Modern twist to traditional folk art

Pipa player Wu Man (left) and the Huayin Shadow Puppet Band.
Pipa player Wu Man (left) and the Huayin Shadow Puppet Band. PHOTO: DAVID BAZERMORE

World-renowned pipa virtuoso Wu Man is known for bringing traditional Chinese music to modern audiences around the world.

But real tradition, she says, is what she found when she travelled to a remote village in Huayin county in Shaanxi, China, and heard laoqiang for the first time.

One of the oldest forms of traditional folk art in China, laoqiang originated about 2,000 years ago during the Western Han dynasty where the Yellow River and Weihe River met.

There, boatmen would sing to signal and synchronise their movements and beat pieces of wood together in rhythm, thus giving rise to the rousing, raucous style of laoqiang.

The music, which is accompanied by shadow puppetry, has been passed down through generations of the Zhang family clan. Known today as the Huayin Shadow Puppet Band, the artists will be performing with Wu at Moonfest.

"Their music is so real, so honest," says Wu, 53, over the telephone from where she lives in San Diego. "It's not like where I come from - I was trained in a conservatory to play on a stage. They play outdoors, in the fields, at weddings and at parties - they play anywhere. It is their life."

The Singapore show is the South-east Asian premiere of the concert, which has been performed to acclaim on a 12-city United States tour.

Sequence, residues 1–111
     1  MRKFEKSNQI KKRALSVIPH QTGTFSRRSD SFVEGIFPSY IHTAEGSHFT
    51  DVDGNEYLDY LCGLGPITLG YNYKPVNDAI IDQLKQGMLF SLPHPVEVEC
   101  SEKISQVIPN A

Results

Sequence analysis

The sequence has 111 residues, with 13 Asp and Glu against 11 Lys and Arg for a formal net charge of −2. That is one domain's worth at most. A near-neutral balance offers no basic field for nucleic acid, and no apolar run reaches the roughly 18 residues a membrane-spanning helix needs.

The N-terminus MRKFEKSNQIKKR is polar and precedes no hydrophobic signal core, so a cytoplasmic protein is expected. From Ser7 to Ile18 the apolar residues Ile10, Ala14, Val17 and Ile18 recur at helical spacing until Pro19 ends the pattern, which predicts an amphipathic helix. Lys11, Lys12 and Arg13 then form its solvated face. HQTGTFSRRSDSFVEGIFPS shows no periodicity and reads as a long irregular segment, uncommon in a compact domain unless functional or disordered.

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There are challenges in bringing the band, whose members are in their 60s and 70s, on tour. Given their thick northern accent, Wu had trouble communicating with them at first. It was also difficult to find them the noodles they craved in the depths of Idaho or Utah.

But the connection through music was instant. Their leader plays the yueqin, which to Wu sounded a lot like her pipa. "It was just like going back to the roots of my instrument, colour-wise."

The Grammy-nominated Wu, who was born in Hangzhou and is married with a son, is considered one of the world's best pipa players.


  • WHERE: Esplanade Concert Hall, 1 Esplanade Drive

    WHEN: Sept 22, 7.30pm

    ADMISSION: $38 to $68 from Sistic

She says she began playing the instrument at the age of nine or 10 and that it is like "a marriage - I love it and I hate it, it is like a human being to me".

She was trained in Pudong-style pipa playing at the Central Conservatory of Music in Beijing and moved to the US in her 20s to explore how she could take her instrument beyond the traditional repertoire.

She has played as a principal musician in Yo-Yo Ma's Silk Road Project and, in 2013, became the first player of a non-Western instrument to be named Instrumentalist of the Year by classical music magazine Musical America.

In 2016, she performed at the Singapore International Festival of Arts alongside seven masters of Uighur music.

"I always want to try to do something meaningful, to get people to think deeply about culture, history and art," she says.

"Audiences come to the concert to enjoy, but when they walk out, something else stays with them."

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A version of this article appeared in the print edition of The Straits Times on September 04, 2018, with the headline Modern twist to traditional folk art. Subscribe